I am an Assistant Professor in the Faculty of Environmental and Urban Change (FEUC) at York University. My academic and organizing work is grounded in environmental justice, with a focus on land and food systems. Much of my research aims to situate political economic processes – such as agri-food industrialization, financialization, and policy – within a lens of settler colonial patriarchy and racial capitalism. I also explore the consequences of these processes for sovereignty, justice and resistance movements more broadly. My work has focused on topics ranging from the political economy and ecology of farmland tenure and critical perspectives of big data in agriculture, to the ways that settler colonial logics and gendered narratives uphold extractive practices and relationships on the land. A lot of my research examines public and private institutions (institutional ethnographies), including government ministries, research institutes, funding agencies, and industry sectors.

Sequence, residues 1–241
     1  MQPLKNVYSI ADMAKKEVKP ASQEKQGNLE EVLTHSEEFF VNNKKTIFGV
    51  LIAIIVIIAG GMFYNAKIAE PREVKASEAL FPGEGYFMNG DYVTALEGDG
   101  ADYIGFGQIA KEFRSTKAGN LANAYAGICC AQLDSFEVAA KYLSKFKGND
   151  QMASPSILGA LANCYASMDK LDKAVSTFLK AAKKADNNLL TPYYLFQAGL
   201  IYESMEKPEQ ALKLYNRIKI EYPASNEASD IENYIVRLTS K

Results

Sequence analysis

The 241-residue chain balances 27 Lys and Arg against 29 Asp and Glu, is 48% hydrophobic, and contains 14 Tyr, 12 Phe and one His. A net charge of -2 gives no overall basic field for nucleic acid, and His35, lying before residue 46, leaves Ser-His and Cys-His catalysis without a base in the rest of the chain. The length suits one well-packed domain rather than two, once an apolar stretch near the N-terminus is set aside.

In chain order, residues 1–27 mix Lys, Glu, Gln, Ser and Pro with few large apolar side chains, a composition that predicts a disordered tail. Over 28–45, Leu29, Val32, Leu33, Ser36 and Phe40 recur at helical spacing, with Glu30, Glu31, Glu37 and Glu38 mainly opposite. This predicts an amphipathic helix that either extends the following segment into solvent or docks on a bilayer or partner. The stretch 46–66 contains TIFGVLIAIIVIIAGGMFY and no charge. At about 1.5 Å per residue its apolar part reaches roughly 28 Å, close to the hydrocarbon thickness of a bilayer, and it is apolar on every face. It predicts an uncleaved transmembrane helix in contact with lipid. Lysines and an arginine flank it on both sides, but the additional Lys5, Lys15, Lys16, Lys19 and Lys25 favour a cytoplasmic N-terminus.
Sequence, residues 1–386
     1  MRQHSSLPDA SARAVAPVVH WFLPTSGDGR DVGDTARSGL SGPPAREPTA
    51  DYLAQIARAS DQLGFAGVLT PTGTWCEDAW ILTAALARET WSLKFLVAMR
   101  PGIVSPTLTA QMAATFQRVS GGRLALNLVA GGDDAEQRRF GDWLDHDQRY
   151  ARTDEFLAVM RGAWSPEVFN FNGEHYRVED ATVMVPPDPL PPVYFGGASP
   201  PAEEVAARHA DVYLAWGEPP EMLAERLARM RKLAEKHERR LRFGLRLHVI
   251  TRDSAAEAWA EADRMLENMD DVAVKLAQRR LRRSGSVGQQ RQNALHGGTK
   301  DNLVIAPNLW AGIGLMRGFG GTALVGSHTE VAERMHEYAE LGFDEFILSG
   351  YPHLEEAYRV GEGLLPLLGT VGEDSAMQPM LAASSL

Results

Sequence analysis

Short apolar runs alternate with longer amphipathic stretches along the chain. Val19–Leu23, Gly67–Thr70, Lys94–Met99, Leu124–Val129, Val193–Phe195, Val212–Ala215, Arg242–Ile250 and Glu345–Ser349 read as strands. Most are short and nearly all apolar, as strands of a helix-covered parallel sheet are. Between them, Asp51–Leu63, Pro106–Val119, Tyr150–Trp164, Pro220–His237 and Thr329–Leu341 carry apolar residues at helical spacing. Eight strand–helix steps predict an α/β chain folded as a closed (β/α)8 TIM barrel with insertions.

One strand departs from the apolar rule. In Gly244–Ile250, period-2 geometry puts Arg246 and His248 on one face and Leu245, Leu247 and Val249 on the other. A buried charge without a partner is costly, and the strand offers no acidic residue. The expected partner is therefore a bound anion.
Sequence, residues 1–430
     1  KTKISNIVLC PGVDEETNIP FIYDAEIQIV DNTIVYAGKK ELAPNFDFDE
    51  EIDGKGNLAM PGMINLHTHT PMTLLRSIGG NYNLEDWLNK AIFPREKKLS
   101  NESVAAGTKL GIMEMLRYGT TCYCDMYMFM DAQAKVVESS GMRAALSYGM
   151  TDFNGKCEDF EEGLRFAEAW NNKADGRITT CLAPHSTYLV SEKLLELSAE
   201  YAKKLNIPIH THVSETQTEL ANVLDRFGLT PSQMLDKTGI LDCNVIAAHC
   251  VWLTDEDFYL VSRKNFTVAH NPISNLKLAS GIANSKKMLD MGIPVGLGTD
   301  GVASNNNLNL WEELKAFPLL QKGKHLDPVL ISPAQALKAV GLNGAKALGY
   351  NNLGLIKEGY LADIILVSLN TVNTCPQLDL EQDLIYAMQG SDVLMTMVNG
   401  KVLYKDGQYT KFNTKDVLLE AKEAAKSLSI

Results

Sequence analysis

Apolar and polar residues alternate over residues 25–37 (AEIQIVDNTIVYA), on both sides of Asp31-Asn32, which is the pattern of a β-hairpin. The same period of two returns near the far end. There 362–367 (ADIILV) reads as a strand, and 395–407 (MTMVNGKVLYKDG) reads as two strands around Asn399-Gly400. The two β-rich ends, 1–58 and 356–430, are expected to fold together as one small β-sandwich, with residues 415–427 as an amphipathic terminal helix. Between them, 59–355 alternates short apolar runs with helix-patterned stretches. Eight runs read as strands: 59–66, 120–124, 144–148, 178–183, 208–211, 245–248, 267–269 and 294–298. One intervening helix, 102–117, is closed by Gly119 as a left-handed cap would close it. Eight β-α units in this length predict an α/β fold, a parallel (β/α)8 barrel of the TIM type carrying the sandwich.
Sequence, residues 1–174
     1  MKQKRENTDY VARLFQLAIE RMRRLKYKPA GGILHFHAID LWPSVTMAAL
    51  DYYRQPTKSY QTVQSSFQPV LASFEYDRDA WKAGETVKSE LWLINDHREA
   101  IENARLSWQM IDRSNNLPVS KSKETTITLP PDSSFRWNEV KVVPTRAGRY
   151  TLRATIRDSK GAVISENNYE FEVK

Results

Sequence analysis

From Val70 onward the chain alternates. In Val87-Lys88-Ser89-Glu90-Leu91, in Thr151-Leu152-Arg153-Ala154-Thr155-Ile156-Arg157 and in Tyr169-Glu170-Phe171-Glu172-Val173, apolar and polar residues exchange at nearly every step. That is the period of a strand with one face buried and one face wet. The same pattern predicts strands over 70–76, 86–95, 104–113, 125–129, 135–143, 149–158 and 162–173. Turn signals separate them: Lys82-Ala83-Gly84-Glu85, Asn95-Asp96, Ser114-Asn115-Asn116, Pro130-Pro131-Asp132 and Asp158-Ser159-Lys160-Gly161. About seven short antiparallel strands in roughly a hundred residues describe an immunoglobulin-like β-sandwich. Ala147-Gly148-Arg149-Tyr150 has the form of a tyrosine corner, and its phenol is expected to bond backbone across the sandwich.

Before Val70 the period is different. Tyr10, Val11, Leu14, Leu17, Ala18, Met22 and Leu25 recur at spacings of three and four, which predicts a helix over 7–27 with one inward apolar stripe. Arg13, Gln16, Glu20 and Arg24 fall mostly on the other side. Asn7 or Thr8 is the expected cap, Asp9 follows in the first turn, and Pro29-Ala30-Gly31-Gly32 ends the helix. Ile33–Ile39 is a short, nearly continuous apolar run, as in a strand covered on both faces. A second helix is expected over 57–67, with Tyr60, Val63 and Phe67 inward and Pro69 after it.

My research is often collaborative and interdisciplinary in nature, and I have a keen interest in the ethics, politics and process of research itself. In my current work, I am learning from feminist, decolonial, and community-based scholars, activists, and methodologies to collaboratively explore and move toward more accountable and reciprocal research relations. I also do community-based work with various organizations and campaigns including food and farmer’s associations, fossil fuel divestment, as well as climate justice and food sovereignty movements.
As part of the RAIR Collective (a group of Indigenous and settler academics, food provisioners, and community-based activists), we have been awarded a 2019 SSHRC Insight Development Grant to explore grassroots Indigenous rematriation and (re)connection to land and support the convergence of food sovereign peoples in ways that advance dialogue and action for Indigenous land rematriation grounded in principals of food justice and Indigenous sovereignty.